Steelers share Heads Up Football message

The Steelers hosted their first-ever Heads Up Football Information Session over the weekend, educating area youth football administrators on the basic premises of USA Football's Heads Up Football program, as well as discuss upcoming Steelers Youth Football, USA Football, and Heads Up Football programming.

"We want to let the youth football leagues know there is a program out there that the Steelers, NFL and USA Football are all behind," said Ed Passino, regional manager for USA Football. "We want to change the culture surrounding player safety in youth football. A lot of that is educating coaches on what proper form tackling looks like, it's with the head up. A lot of times youth coaches teach their players what they were taught, 15, 20, 30 years ago. They need to advance what they are doing. Some of the old terminology, things like bite the ball, put your head on the numbers, needs eliminated. That verbiage gives kids targets where to put their heads. The Heads Up Football initiative wants to eliminate that process, remove it from 'coach speak' when they are out there talking to their kids and teaching them how to tackle."

Heads Up Football consists of six pillars, including heads up tackling, concussion awareness, heat hydration, equipment fitting, education and certification of coaches, and player safety coach.

"It's an overall safety level for the families," said Mark Ross, President of Western Pennsylvania Youth Football League and coach in the Hopewell youth football program. "Knowing the coaches are educated, out there making the game much safer for the kids helps the families. They are all concerned about the concussion factor, but being involved with Heads Up Football gives them a sense of security. It's also educating our coaches on how the game should be played and taught.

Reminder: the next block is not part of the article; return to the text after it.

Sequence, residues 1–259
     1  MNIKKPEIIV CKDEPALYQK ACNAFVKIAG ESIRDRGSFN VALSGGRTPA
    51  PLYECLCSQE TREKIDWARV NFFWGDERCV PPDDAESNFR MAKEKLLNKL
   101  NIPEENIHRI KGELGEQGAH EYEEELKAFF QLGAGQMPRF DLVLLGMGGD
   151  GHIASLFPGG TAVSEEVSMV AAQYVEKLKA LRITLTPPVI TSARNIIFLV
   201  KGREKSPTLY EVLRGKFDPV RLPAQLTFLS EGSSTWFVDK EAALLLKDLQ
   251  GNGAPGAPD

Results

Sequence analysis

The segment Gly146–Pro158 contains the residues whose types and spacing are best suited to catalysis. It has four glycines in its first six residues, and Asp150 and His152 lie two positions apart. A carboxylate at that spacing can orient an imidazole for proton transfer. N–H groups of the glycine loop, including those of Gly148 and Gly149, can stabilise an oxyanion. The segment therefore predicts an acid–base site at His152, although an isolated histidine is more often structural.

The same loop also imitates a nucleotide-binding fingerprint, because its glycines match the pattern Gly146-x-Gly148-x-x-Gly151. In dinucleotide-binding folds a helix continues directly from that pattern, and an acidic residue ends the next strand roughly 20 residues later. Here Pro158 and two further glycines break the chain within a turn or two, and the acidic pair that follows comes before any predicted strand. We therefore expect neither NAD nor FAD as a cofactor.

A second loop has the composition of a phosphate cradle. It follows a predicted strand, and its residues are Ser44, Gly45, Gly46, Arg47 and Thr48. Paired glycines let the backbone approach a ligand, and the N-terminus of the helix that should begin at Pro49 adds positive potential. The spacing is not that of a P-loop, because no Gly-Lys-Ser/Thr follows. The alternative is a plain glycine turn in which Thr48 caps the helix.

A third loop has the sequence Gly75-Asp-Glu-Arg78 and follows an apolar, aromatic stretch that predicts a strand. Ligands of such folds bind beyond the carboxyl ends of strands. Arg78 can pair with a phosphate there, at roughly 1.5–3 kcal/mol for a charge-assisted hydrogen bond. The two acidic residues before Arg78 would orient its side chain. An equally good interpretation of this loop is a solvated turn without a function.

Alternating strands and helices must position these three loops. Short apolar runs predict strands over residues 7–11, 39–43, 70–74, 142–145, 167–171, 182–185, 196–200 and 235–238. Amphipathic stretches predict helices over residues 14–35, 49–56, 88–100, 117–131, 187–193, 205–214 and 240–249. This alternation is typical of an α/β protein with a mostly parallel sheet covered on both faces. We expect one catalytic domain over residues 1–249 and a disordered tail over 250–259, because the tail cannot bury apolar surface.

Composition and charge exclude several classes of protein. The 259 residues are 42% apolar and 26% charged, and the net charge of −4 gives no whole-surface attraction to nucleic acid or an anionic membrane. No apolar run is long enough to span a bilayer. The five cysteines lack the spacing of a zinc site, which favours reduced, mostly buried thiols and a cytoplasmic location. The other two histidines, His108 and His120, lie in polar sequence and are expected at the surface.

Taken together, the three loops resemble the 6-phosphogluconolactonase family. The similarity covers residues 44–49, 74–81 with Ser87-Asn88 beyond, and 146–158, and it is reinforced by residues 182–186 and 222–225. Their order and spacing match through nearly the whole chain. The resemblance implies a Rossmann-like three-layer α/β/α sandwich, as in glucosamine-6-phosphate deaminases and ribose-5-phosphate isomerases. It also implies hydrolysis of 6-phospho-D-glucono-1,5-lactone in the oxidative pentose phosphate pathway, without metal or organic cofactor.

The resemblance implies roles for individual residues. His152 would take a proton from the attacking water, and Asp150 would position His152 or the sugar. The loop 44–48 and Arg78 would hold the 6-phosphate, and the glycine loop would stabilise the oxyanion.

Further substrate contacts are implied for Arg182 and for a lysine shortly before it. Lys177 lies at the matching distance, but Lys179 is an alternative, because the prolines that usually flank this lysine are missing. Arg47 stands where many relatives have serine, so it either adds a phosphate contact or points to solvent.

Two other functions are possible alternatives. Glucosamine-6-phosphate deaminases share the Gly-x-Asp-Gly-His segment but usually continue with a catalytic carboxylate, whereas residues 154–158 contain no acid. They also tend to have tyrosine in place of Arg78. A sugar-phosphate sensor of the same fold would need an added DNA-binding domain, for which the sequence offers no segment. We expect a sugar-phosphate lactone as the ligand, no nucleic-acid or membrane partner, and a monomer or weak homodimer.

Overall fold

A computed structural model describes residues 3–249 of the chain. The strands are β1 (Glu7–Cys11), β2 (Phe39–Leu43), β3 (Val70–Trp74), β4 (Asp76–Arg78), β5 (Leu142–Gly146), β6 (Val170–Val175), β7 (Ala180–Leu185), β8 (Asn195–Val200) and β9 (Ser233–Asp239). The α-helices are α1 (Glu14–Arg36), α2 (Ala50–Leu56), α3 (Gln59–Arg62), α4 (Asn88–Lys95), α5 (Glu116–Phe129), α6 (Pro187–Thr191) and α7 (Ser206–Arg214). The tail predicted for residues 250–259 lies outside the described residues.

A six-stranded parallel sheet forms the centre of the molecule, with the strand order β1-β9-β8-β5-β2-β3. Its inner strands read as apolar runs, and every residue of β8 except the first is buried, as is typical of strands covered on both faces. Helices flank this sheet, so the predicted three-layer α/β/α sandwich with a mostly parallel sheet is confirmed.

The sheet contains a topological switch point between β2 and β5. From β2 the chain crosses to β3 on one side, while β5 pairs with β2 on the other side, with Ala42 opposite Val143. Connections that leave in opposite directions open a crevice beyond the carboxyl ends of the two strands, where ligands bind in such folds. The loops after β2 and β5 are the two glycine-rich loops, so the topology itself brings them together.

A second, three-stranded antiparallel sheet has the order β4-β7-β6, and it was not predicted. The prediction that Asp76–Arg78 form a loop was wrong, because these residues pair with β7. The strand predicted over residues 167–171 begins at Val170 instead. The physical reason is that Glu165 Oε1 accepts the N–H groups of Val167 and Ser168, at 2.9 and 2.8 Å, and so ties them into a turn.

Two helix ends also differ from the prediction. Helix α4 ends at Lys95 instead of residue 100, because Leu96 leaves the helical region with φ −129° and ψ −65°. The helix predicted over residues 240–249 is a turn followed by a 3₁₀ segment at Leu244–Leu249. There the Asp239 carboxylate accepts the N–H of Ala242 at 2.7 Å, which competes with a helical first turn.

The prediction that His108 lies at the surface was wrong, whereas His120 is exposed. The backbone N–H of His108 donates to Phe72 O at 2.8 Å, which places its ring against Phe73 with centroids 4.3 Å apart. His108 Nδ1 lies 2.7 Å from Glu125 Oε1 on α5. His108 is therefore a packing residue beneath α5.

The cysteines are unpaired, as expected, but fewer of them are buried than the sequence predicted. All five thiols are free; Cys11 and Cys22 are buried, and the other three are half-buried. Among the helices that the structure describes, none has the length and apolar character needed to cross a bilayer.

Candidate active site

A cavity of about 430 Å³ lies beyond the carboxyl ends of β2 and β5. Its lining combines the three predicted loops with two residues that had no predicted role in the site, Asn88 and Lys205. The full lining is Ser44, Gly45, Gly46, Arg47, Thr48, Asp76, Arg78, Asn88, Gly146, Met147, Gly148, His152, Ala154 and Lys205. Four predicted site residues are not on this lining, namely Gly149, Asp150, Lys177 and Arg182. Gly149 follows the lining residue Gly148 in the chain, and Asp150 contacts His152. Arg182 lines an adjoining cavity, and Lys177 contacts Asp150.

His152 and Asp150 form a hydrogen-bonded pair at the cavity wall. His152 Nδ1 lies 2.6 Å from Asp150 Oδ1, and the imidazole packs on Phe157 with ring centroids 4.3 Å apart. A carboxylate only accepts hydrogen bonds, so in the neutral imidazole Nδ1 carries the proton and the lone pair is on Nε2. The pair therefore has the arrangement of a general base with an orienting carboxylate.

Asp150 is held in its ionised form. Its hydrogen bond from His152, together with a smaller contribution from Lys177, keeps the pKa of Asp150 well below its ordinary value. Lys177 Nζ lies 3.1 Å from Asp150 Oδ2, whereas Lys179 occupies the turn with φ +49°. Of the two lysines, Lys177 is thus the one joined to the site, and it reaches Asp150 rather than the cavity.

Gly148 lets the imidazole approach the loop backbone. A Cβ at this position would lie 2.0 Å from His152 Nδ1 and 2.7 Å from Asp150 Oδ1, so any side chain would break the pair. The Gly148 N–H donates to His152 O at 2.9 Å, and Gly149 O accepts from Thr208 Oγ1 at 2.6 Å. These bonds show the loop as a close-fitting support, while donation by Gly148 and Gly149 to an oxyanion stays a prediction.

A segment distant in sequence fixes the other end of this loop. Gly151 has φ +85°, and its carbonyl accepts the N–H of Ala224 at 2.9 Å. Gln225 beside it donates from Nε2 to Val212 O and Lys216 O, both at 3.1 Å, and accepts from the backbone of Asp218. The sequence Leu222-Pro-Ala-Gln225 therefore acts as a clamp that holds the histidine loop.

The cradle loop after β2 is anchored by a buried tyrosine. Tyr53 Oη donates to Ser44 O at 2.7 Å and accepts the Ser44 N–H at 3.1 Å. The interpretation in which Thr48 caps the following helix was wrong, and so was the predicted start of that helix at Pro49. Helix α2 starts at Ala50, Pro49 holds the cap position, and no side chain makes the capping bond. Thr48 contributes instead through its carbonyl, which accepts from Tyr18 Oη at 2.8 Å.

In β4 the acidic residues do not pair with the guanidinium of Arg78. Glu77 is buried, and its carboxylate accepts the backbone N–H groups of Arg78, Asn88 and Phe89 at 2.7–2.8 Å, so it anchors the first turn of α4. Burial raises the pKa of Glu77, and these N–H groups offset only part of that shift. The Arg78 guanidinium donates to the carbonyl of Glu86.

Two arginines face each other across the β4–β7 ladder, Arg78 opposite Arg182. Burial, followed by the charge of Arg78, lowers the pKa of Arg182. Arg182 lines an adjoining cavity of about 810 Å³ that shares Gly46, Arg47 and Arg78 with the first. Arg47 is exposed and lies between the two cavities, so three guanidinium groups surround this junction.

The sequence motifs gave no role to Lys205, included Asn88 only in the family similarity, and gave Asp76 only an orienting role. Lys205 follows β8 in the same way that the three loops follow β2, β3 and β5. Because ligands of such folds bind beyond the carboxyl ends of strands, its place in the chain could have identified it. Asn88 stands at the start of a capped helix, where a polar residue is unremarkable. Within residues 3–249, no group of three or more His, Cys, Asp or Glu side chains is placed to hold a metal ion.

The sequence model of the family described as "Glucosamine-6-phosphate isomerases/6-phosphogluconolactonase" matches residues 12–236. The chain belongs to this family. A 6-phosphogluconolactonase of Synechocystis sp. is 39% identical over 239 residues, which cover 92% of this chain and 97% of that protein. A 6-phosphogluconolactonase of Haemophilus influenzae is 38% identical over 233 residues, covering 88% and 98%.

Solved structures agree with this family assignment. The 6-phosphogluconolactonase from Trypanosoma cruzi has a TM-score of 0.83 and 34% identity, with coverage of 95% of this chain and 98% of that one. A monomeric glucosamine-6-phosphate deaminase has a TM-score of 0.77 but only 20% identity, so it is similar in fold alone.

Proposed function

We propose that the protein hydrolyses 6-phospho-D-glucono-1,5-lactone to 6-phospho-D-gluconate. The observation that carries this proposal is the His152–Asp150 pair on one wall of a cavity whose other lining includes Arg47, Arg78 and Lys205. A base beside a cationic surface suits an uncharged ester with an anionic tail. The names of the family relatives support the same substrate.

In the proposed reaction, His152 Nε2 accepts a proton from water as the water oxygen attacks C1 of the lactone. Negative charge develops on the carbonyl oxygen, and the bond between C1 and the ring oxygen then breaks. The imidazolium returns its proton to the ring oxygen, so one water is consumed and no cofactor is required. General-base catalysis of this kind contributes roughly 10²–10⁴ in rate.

"The teams are getting much more involved because they see the factor that is out there where they are earning the trust of parents to let the kids play. We are seeing a growth in numbers again. A lot of parents approach us at registration and tell us how encouraged they are that we are out there doing it and making the coaches be certified."

Ross said the involvement of the Steelers organization and the NFL has made a huge difference in the program being widely accepted.

"It's a huge factor because of what the Steelers mean," said Ross. "They are active in the community. They are taking this and rolling it out to all of the programs across Western Pennsylvania to make this game safer. It's huge when you have the Steelers standing behind you. The parents buy into it more."

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